The law hasn’t historically made many demands on sellers of such properties. University of Pennsylvania Law School professor Stuart Ebby said while the doctrine of caveat emptor—”let the buyer beware”—dates to the 17th century, there doesn’t exist an equivalent principle for sellers.

“Logically, the sellers aren’t in a position to investigate or deter buyers of their property,” said Katie Johnson, general counsel for the National Association of Realtors. “They don’t really have any incentive or desire to do that. They want to sell their property.”

There is a concept called customer due diligence, she explained, and the NAR has been strongly encouraging their member agents to “know your customer” for years. The association has a document that outlines recommendations for their members to spot potential illicit financial activities such as money laundering.

The August FinCEN advisory said while real estate agents and brokers are not required by law to report suspicious activity, they are encouraged to.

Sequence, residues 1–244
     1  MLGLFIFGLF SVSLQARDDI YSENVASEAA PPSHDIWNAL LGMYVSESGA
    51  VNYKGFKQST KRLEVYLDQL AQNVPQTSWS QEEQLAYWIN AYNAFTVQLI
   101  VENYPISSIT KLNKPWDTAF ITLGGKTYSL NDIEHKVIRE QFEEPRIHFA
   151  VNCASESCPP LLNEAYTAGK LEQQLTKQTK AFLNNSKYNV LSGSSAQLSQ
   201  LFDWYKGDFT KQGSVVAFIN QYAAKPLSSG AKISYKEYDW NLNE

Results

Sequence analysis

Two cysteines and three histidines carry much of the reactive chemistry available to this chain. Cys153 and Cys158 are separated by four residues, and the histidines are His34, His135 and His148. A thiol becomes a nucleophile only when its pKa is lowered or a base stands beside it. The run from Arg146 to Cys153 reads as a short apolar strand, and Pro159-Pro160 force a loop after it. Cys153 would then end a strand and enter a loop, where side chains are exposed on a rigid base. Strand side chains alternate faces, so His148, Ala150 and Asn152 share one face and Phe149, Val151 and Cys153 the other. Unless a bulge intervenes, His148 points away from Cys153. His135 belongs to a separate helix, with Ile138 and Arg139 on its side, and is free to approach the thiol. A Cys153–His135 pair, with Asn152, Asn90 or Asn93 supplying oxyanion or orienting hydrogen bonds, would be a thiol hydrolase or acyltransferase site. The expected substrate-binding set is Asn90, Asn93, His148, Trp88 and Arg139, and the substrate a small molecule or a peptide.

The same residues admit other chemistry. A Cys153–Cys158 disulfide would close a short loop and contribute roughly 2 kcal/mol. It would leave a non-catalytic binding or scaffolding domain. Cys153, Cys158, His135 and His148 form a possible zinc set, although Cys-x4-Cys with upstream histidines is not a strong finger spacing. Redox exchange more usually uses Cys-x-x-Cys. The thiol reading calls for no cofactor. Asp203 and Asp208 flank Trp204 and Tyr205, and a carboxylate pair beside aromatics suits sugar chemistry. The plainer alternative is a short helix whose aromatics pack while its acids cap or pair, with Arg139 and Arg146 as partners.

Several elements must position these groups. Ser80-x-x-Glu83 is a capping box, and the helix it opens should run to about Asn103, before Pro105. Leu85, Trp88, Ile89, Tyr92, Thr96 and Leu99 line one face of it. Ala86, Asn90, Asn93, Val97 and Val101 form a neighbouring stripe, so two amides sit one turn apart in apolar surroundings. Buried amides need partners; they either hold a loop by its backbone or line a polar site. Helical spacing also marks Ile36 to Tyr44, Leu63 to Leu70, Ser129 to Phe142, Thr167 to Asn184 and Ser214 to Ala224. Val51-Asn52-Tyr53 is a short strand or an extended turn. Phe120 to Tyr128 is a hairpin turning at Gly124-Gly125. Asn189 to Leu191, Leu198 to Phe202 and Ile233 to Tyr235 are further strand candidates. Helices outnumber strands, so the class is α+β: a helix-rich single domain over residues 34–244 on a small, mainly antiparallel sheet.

Property owners themselves are confined largely by criminal law. “Regulations are not yet designed for the sellers of the property, but to say that there’s no obligation on them I think is going a little bit too far,” said Andrew S. Ittleman, partner at Fuerst Ittleman David & Joseph. If a seller knowingly sells to a criminal and receives money derived from a crime, he could be prosecuted.

Cassella added that sellers who are “willfully blind” could still be charged. And anyone receiving more than $10,000 in a cash transaction must report it to the IRS. “There’s not a bright line, but there is a line that can be crossed,” he said.

If the seller is a financial institution, however, they are required by law to check out buyers. The Bank Secrecy Act of 1970 explicitly authorized FinCEN to create anti-money-laundering regulations for financial institutions, including those, like mortgage lenders, that deal in real estate. They also must file reports of suspicious activity.